Social Justice Rites

Anyone who has thought about identity politicsthe great intellectual disorder of our age—must conclude that the term obfuscates more than it illuminates. Identity politics is first and foremost not a politics of identity, but an obsession with oppression and victimization. Only those who claim to be victimized get to have their identity recognized, affirmed and honored.

Where we once bestowed on monuments, civic buildings, and streets the names of great generals, statesmen, and authors, today we only honor members of victimized identity groups. They get museums, holidays, commemorative stamps, movies, and books sanctifying their suffering and celebrating their accomplishments, both real and fake (George Washington Carver did not invent peanut butter). Their purported oppressors—men, heterosexuals, and above all, white people—are denied this privilege. They must atone in perpetuity for the sins of their fathers.

In Congress, for example, one finds a Congressional Black Caucus, both a Hispanic Caucus and a Hispanic Conference, an LGBT Caucus, a Congressional Caucus for Women’s Issues, and nothing stands in the way of Representatives Ilhan Omar and Rashida Tlaib starting a Muslim Congressional Caucus (for those not persuaded by identity politics, there is, of course, no need for such groups). It goes without saying that there is no Caucasian Conference, Heterosexual Cis-Caucus, or Congressional Caucus for Men’s Issues. To the identarians, white, male, and straight cannot form identity groups because they sit atop the structures of power.

In her thoughtful essay, Molly McGrath coins the term “Sacrificial Politics” to describe our current political dispensation. Sacrificial Politics, she correctly observes, is a “Christian-influenced” ideology driven by “the sacred and the desire for sanctity.”

Under this pseudo-religion, victims of collective oppression are endowed with sacred status and all must defer to them. Any one particular individual is not required to have personally suffered to be held sacred. He must only belong to a victimized group and, McGrath reminds us, follow the script assigned to his group. Hell hath no fury like the opposition visited on an African American who criticizes affirmative action (McGrath calls those who refuse to think of themselves as victims, Defectors. Given the ferocity with which they are denounced—Justice Clarence Thomas has repeatedly been compared to a member of the Ku Klux Klan—I think Heretics would be more fitting).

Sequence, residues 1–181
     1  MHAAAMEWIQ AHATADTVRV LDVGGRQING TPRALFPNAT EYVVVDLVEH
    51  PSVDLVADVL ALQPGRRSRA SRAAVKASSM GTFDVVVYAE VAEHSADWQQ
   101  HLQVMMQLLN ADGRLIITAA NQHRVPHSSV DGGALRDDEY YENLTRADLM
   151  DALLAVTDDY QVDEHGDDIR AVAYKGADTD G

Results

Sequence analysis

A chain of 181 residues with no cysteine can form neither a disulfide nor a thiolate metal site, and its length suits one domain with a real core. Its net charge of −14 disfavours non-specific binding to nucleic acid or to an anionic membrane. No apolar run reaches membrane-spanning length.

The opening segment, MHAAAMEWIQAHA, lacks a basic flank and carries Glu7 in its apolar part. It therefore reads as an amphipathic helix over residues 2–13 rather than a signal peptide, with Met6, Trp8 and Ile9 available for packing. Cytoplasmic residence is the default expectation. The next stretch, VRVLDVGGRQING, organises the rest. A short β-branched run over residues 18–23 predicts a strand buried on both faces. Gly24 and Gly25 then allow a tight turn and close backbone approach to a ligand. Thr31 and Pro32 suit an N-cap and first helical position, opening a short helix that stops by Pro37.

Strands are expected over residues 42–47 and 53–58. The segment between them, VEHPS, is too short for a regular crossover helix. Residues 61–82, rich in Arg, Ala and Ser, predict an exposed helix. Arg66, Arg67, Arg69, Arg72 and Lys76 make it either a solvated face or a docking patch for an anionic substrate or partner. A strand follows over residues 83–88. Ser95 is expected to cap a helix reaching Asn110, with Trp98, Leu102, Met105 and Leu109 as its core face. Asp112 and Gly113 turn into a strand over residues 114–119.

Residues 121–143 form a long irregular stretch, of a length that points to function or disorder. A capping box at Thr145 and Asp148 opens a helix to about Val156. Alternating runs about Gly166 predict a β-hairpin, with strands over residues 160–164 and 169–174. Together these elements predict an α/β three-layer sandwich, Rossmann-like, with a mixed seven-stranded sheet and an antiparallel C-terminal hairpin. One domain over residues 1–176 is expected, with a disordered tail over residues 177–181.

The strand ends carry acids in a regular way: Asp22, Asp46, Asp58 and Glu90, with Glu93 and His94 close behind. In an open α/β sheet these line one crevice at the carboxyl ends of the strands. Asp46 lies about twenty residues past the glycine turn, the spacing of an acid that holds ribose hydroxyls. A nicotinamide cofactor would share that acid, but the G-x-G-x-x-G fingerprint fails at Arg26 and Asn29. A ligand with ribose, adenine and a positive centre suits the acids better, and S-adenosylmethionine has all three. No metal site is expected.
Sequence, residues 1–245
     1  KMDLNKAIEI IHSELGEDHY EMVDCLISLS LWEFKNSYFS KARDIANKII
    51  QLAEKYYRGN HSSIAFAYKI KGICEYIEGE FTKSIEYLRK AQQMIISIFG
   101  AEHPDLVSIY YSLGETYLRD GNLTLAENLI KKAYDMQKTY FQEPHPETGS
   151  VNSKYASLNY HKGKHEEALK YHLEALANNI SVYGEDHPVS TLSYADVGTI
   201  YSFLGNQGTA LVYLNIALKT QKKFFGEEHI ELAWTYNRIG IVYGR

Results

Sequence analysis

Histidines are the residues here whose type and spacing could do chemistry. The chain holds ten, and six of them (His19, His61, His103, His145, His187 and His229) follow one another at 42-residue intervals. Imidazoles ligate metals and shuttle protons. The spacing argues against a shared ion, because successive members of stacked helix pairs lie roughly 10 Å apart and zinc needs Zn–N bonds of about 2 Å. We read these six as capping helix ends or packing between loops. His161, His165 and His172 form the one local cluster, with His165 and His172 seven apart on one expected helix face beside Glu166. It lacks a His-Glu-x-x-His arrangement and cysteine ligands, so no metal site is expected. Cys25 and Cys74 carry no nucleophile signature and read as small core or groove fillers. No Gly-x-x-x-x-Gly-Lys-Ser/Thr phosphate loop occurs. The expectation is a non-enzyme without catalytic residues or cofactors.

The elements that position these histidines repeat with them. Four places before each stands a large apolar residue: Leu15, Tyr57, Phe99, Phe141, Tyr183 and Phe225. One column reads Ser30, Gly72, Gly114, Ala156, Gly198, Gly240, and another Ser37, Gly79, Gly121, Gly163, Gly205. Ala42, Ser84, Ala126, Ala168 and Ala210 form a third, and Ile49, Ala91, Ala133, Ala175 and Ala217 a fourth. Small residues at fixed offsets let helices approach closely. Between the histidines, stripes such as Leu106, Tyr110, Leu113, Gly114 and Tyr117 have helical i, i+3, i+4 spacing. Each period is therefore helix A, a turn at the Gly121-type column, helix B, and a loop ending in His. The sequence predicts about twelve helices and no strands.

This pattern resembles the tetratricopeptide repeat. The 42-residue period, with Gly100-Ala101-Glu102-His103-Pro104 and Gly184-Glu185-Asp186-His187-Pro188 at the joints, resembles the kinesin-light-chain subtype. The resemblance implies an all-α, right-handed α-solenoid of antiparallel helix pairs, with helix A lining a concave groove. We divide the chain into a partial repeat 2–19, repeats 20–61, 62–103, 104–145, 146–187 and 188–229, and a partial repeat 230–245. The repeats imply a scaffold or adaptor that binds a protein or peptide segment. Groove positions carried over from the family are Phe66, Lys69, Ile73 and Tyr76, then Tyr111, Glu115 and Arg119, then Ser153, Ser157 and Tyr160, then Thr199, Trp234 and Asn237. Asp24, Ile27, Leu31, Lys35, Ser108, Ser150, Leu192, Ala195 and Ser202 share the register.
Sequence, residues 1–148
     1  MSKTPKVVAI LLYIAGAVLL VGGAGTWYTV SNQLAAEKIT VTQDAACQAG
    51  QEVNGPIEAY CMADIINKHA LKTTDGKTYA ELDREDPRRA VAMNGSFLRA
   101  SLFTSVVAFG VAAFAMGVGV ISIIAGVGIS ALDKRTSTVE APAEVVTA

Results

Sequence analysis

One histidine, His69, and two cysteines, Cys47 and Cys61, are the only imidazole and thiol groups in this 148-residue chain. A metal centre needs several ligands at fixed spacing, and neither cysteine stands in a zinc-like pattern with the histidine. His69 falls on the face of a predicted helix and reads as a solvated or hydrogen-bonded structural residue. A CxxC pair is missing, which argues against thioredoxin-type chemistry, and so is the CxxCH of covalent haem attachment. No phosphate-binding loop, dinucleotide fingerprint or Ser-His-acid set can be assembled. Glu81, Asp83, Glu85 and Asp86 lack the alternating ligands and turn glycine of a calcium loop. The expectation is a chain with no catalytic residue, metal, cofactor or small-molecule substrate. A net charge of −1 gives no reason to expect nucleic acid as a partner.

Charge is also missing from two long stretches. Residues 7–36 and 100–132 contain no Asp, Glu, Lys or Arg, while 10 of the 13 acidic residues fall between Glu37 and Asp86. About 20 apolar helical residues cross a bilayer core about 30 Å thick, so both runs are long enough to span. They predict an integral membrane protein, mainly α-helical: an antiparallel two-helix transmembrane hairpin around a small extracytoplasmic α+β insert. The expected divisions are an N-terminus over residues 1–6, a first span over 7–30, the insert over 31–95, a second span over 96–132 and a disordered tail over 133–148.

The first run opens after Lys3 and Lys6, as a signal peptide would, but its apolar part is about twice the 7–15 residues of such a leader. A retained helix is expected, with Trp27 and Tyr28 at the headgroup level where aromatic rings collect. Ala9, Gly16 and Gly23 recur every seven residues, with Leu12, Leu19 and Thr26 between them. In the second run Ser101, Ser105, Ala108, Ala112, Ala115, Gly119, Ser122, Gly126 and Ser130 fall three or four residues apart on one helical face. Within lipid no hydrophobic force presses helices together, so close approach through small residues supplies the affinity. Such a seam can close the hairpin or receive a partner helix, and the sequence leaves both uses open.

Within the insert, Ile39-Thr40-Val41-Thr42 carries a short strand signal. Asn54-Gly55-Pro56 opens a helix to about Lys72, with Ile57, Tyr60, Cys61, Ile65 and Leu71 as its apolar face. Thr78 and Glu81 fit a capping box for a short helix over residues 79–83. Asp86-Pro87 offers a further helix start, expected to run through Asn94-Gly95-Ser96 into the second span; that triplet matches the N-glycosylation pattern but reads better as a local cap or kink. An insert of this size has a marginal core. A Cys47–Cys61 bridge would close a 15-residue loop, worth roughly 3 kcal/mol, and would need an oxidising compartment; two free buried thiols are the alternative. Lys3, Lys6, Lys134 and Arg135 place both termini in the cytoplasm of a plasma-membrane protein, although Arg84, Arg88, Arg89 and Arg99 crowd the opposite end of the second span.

Most intellectuals, who are both thoroughly secular and religiously illiterate, are deaf to the Christian echoes in contemporary Leftist politics. McGrath is not. Her analysis reminds us of Nietzsche’s wry observation in The Genealogy of Morals: “It is the Church which repels us, not its poison—apart from the Church we like the poison.”

Sacrificial politics preserves the poison of slave morality and ressentiment, but it discards, dilutes, and distorts central elements of Christian theology. It retains, for instance, the idea of an original sin transmitted across the generations, but it imputes it only to the oppressor groups. Those with sacred identities are born innocent.  They also can never be held responsible for their perceived collective behavior, even though oppressor groups are held responsible for their perceived collective behavior (one can still indict individual members of sacred groups who commit a crime but we sense a growing unease at doing so if the victim is white).

In this regard, Sacrificial Politics is closer to the theology of the Nation of Islam than to Christianity. White people, Malcolm X taught, “are born devils by nature.” They are a race of blue-eyed devils created through eugenics out of the original black inhabitants of the earth by an evil wizard named Yakub on the Greek island of Patmos. This, of course, is non-sense on stilts, which even the SPLC denounces. But it remains true that Sacrificial Politics single out the white race alone for opprobrium. Racial pride and solidarity is actively encouraged among the oppressed races—how else will they resist the white supremacist American regime?—but denied to the oppressor races. What they fail to recognize is that such a politics of racial demonization creates the conditions in which white identitarianism becomes thinkable to many Americans.

More distressingly, Sacrificial Politics, unlike Christianity, neither preaches forgiveness nor promises justice. There is no Promised Land of reconciliation between the oppressors and their victims, no hope that one day “the sons of former slaves and the sons of former slave owners will be able to sit down together at the table of brotherhood.”

Our foremost authority on race, Ta-Nehisi Coates, believes that racism is not merely  “a tumor that could be isolated and removed from the body of America,” but “a pervasive system both native and essential to that body.” It is “a force so fundamental to America that it is difficult to imagine the country without it.” In Between the World and Me, Coates urges his son to struggle against injustice but to rid himself of any hope that he can bring about meaningful change (Coates is merely rehashing, in his turgid prose, the ideas that Derrick Bell had expressed more eloquently in Face at the Bottom of the Well: The Permanence of Racism).